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Explain the different types of innovation?

There are mainly four broad categories where changes can take place. They are product
innovation, process innovation, position innovation and paradigm innovation.
Product Innovation: is the type of innovation where changes take place in products or services.
Apple launching the iPod in 2001 is an example of product innovation.
Process Innovation: is the type where changes take place in how the products or services are
created or delivered. Ford Motor Company invented worlds first moving assembly line which
shortened the time taken to assemble a car from 12 hours to 90 minutes.
Position Innovation: is the type of innovation where changes take place in context in which
products or services are framed and communicated. For example, Levis-Strauss jeans are well
established global product line which was initially developed as clothing for manual workers
but later re-branded as a fashion item.
Paradigm Innovation: is the type of innovation where changes take place in the mental model
which shape what the organisation does. For example, the Southwest, an American low-cost
airline company, which launched in 1971 allowed people to travel at a reasonable price by
cutting out all the fancy things and giving people only what they need.
Frugal innovation is the process of reducing complexity and cost of good and production. This
involves reducing nonessential features from durable products so that the product can be made
available to emerging markets. In 2001, a huge earthquake took place in the state of Gujarat in
India which resulted in the loss of 2000 lives and 400,000 lost their homes and countless
number of people lost their business. Among them, a young entrepreneur, Mansukhbhai
Prajapati, lost everything but found a way back by designing a low cost clay fridge which
required no electricity and functioned in the event of major catastrophes or blackouts.
Discuss the process required to commercialise innovation
The aim of any product or process development project is to turn an idea into reality and present
it in an economical, manufacturable form. The overall development process is to take a wide
range of inputs and gradually refining and selecting a handful of formal development that can
be pushed to rapid development and introduction. This process can be illustrated as a funnel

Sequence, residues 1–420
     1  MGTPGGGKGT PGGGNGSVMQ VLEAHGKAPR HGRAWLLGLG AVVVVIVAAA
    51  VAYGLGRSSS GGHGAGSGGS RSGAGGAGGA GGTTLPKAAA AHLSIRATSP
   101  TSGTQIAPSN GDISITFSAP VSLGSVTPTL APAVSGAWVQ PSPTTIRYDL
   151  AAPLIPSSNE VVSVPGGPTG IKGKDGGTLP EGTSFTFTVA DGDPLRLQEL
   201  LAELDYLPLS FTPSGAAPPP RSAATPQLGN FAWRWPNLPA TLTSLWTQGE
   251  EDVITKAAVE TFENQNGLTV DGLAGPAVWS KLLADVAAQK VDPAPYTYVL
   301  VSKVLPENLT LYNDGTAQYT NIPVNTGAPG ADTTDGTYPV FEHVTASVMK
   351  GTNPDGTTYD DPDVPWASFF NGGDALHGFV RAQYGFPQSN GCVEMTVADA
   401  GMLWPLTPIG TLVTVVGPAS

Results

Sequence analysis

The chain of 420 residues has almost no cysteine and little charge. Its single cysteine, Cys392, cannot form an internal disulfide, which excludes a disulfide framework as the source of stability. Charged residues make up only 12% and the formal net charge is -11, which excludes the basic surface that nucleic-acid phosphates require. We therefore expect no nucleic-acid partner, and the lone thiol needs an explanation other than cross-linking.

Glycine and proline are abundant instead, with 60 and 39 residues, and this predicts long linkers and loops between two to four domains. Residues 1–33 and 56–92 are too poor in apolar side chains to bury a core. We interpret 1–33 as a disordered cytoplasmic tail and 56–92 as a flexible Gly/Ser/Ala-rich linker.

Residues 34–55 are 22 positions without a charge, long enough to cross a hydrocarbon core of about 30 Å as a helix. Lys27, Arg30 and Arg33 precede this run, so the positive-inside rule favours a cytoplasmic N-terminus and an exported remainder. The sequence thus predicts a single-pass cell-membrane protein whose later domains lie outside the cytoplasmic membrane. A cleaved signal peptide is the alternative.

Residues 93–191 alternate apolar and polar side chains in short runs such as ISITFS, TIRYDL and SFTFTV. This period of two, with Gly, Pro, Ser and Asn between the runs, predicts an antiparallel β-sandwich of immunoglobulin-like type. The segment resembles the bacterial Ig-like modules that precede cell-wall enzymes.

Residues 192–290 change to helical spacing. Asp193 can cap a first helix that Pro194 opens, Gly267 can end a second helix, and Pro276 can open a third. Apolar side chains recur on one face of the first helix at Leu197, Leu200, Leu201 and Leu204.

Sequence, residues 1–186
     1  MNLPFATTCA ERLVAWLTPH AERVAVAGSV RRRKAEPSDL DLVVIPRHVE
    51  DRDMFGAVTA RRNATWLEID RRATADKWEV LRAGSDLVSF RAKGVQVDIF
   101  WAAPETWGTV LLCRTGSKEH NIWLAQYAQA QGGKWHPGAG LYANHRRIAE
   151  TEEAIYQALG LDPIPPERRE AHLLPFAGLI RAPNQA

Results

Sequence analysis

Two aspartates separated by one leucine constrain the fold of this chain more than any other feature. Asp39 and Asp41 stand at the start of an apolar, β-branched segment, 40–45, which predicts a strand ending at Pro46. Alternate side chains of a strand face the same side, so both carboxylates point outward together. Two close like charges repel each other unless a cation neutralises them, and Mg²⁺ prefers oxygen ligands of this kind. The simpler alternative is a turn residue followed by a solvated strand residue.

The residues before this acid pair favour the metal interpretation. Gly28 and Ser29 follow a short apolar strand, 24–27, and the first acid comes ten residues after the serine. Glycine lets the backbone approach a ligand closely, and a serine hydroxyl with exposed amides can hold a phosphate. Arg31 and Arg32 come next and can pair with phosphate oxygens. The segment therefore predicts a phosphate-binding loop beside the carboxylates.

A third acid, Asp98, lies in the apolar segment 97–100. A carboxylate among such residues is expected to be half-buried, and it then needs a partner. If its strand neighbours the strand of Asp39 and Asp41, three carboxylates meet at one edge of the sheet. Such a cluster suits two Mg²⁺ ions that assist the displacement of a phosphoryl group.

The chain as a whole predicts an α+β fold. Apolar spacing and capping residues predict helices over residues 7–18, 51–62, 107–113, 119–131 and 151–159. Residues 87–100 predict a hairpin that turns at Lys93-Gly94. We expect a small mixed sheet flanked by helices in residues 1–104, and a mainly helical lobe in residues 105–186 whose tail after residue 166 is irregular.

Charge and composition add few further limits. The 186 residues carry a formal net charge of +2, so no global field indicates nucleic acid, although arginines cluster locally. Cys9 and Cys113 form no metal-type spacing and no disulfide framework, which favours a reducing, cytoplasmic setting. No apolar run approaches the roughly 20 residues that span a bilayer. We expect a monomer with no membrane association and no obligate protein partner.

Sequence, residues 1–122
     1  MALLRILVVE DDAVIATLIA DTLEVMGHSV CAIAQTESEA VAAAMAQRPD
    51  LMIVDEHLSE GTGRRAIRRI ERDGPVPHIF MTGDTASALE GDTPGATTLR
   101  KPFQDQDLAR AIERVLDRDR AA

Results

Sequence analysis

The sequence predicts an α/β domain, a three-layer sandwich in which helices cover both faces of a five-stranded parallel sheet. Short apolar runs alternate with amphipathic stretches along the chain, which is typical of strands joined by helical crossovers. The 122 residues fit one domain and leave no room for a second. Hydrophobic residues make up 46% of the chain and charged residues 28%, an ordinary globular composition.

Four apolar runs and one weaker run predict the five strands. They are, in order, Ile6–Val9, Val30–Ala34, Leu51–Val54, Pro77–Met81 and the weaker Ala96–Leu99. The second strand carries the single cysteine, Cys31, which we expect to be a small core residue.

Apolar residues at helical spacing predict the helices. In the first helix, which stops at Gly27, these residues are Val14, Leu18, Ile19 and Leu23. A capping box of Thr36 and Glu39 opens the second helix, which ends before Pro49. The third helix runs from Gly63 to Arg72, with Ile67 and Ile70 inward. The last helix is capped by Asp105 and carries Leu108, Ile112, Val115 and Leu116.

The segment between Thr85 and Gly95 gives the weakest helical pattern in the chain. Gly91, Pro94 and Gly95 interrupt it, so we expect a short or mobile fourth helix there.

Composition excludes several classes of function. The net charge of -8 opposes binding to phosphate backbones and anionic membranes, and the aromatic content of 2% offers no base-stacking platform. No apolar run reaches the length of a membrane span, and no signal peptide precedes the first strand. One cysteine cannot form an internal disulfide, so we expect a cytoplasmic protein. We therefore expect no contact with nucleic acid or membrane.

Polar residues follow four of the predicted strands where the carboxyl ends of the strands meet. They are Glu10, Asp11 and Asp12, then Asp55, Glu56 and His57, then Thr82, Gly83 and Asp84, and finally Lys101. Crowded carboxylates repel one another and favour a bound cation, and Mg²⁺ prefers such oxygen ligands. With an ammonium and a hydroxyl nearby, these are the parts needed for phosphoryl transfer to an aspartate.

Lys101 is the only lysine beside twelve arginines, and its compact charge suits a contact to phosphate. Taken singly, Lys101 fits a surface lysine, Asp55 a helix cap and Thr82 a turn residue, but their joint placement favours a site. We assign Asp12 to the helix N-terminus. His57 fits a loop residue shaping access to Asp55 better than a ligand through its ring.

which is called the commercial funnel. Without any process of development like this, an
organisation flies blind without any visibility of the development and status of its products or
services.
New Product Develepment (NPD) is the process by which a new product is brought into the
market. There are eight major steps in the new product development process. The first step is
Idea Generation, which is conceptualising the product or service. The next step is Idea
Screening, which ensures that the unsuitable ideas are rejected as soon as possible. After which
Concept Development and Testing, where the feedback of the customers are taken to see if
they understand the concept and if they really need it. The next step is Business Analysis, where
a business case needs to be put together to assess whether the new product/service will be
profitable. Then in Product Development, a prototype or limited edition model is created so
that exact design and specification can be investigated. The next step is Test Marketing. In this
step, a prototype is introduced following the proposed marketing plan. After that,
Commercialisation takes place where final decisions are made to launch the product into the
market. And the final step is Launch. A detailed launch plan is required for this stage to run
smoothly and to have maximum impact.

Evaluate the different tools that organisations can use to develop, retain and protect
knowledge and intellectual property.

From a legal point of view, there are four types of intellectual property. They are patents,
trademarks, copyrights and trade secrets.
Patenting is the process by which the organisations invention is registered with the government
so that legal right is gained to exclude anyone from manufacturing or marketing the invention.
A trademark is a name, phrase, sound or symbol used in association with services or products. It
often connects a brand with a level of quality on which companies build a reputation.
Copyright laws protect written or artistic expressions fixed in a tangible medium - novels, poems,
songs or movies. A copyright protects the expression of an idea, but not the idea itself. The owner
of a copyrighted work has the right to reproduce it, to make derivative works from it (such as a
movie based on a book), or to sell, perform or display the work to the public
A formula, pattern, device or compilation of data that grants the user an advantage over competitors
is a trade secret. It is covered by state, rather than federal, law. To protect the secret, a business must
prove that it adds value to the company - that it is, in fact, a secret - and that appropriate measures
have been taken within the company to safeguard the secret, such as restricting knowledge to a select
handful of executives. Coca-Cola, for example, has managed to keep its formula under wraps for
more than 117 years.s